The KL divergence is an important tool for studying the distance between two probability distributions. Formally, given two distributions $p$ and $q$, the KL divergence is defined as

$KL(p || q) := \int p(x) \log(p(x)/q(x)) dx$

Note that $KL(p || q) \neq KL(q || p)$. Intuitively, a small $KL(p || q)$ means that there are few points that $p$ assigns high probability to but that $q$ does not. We can also think of $KL(p || q)$ as the number of bits of information needed to update from the distribution $q$ to the distribution $p$.

Suppose that p and q are both mixtures of other distributions: $p(x) = \sum_i \alpha_i F_i(x)$ and $q(x) = \sum_i \beta_i G_i(x)$. Can we bound $KL(p || q)$ in terms of the $KL(F_i || G_i)$? In some sense this is asking to upper bound the KL divergence in terms of some more local KL divergence. It turns out this can be done:

**Theorem:** If $\sum_i \alpha_i = \sum_i \beta_i = 1$ and $F_i$ and $G_i$ are all probability distributions, then

$KL\left(\sum_i \alpha_i F_i || \sum_i \beta_i G_i\right) \leq \sum_i \alpha_i \left(\log(\alpha_i/\beta_i) + KL(F_i || G_i)\right)$.

**Proof:** If we expand the definition, then we are trying to prove that

$\int \left(\sum \alpha_i F_i(x)\right) \log\left(\frac{\sum \alpha_i F_i(x)}{\sum \beta_i G_i(x)}\right) dx \leq \int \left(\sum_i \alpha_iF_i(x) \log\left(\frac{\alpha_i F_i(x)}{\beta_i G_i(x)}\right)\right) dx$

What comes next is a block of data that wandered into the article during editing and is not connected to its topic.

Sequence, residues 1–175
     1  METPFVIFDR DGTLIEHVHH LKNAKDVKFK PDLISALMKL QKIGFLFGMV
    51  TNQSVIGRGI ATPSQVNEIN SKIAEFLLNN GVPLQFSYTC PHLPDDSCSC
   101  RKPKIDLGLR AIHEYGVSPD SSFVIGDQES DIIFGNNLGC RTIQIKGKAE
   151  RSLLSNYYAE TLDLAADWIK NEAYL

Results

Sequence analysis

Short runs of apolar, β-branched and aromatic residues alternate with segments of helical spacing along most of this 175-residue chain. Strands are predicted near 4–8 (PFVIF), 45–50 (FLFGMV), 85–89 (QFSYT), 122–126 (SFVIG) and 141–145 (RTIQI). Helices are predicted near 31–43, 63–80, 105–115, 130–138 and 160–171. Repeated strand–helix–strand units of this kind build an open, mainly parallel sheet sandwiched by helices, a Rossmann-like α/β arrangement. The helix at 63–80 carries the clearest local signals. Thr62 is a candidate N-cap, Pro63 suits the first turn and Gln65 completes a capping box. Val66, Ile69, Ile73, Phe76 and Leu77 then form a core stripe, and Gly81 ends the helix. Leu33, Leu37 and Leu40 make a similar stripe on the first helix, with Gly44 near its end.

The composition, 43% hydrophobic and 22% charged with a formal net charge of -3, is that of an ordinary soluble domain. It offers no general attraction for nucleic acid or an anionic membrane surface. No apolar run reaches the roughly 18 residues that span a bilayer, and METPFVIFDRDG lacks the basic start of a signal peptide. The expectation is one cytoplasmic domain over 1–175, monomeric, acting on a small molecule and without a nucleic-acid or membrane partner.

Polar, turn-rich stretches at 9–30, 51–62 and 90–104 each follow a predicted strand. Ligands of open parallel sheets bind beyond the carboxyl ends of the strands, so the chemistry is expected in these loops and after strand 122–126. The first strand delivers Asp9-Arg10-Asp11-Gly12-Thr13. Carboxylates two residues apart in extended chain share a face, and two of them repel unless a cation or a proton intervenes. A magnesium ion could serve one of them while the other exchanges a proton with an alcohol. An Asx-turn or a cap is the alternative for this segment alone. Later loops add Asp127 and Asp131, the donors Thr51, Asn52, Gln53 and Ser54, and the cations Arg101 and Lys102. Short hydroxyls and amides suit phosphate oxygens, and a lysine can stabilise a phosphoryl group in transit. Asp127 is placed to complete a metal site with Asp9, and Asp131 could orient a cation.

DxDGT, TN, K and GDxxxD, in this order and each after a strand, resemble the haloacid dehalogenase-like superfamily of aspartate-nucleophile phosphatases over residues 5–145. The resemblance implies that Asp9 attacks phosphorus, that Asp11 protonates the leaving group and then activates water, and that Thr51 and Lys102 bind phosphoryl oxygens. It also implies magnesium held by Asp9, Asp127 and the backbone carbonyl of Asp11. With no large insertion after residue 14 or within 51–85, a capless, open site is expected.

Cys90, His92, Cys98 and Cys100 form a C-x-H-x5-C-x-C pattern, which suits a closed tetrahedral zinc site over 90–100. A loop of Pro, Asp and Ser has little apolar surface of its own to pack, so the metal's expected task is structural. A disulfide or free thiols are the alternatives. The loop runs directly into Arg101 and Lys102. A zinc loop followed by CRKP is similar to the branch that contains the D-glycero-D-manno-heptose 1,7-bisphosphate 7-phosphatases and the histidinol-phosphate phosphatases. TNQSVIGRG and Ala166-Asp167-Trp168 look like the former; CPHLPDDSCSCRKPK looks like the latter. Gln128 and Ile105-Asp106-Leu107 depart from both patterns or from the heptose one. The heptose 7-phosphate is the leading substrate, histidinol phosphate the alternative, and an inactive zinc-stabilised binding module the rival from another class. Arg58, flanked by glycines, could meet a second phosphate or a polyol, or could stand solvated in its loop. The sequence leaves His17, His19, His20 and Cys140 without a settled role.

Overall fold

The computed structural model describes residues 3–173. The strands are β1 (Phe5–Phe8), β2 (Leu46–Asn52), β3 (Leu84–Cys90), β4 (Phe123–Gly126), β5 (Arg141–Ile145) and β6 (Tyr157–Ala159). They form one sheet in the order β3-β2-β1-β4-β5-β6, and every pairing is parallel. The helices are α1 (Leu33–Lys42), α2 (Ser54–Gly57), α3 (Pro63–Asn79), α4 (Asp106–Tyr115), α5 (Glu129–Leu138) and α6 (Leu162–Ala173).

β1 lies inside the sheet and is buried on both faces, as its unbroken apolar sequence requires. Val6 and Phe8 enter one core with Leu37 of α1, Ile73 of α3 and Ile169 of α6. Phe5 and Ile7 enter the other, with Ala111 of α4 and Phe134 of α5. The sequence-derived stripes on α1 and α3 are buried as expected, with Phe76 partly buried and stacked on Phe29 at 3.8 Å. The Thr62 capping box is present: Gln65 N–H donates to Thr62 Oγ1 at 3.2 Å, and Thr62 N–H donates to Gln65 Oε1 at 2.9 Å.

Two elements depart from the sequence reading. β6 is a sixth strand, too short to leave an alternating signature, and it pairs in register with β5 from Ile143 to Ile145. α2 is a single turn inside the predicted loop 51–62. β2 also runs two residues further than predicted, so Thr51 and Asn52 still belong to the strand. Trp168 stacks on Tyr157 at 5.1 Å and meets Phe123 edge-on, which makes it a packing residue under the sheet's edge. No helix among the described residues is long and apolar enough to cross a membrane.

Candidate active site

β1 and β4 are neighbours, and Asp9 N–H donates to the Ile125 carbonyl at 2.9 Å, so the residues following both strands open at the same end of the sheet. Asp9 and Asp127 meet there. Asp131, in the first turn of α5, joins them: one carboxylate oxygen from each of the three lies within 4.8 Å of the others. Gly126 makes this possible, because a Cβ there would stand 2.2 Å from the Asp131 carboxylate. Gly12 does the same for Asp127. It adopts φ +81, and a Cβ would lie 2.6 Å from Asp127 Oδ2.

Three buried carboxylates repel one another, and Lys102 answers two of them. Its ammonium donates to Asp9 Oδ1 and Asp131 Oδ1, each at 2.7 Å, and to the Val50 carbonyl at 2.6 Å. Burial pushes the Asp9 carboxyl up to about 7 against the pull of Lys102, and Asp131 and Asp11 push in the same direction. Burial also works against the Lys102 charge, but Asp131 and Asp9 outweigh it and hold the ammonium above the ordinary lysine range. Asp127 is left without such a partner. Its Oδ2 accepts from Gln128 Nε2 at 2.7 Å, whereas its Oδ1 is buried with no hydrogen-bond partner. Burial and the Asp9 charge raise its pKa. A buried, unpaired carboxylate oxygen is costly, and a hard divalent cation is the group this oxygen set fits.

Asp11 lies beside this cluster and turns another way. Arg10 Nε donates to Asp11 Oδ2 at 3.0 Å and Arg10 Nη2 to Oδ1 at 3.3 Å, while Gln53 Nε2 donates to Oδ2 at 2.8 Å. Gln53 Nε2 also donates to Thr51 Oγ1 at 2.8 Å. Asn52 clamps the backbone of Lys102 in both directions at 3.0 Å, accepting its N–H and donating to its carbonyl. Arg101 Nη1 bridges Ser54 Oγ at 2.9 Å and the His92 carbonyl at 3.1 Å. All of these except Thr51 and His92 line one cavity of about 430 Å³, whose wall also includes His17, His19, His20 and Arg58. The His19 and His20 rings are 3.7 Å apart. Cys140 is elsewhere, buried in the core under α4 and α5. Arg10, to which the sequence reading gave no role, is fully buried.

We will in fact show that this is true for every value of $x$, so that it is certainly true for the integral. Using $\log(x/y) = -\log(y/x)$, re-write the condition for a given value of $x$ as

$\left(\sum \alpha_i F_i(x)\right) \log\left(\frac{\sum \beta_i G_i(x)}{\sum \alpha_i F_i(x)}\right) \geq \sum_i \alpha_iF_i(x) \log\left(\frac{\beta_i G_i(x)}{\alpha_i F_i(x)}\right)$

(Note that the sign of the inequality flipped because we replaced the two expressions with their negatives.) Now, this follows by using Jensen's inequality on the $\log$ function:

$\sum_i \alpha_iF_i(x) \log\left(\frac{\beta_i G_i(x)}{\alpha_i F_i(x)}\right) \leq \left(\sum_i \alpha_iF_i(x)\right) \log\left(\frac{\sum_i \frac{\beta_i G_i(x)}{\alpha_i F_i(x)} \alpha_i F_i(x)}{\sum \alpha_i F_i(x)}\right) = \left(\sum_i \alpha_i F_i(x)\right) \log\left(\frac{\sum_i \beta_i G_i(x)}{\sum_i \alpha_i F_i(x)}\right)$

This proves the inequality and therefore the theorem. $\square$

**Remark:** Intuitively, if we want to describe $\sum \alpha_i F_i$ in terms of $\sum \beta_i G_i$, it is enough to first locate the $i$th term in the sum and then to describe $F_i$ in terms of $G_i$. The theorem is a formalization of this intuition. In the case that $F_i = G_i$, it also says that the KL divergence between two different mixtures of the same set of distributions is at most the KL divergence between the mixture weights.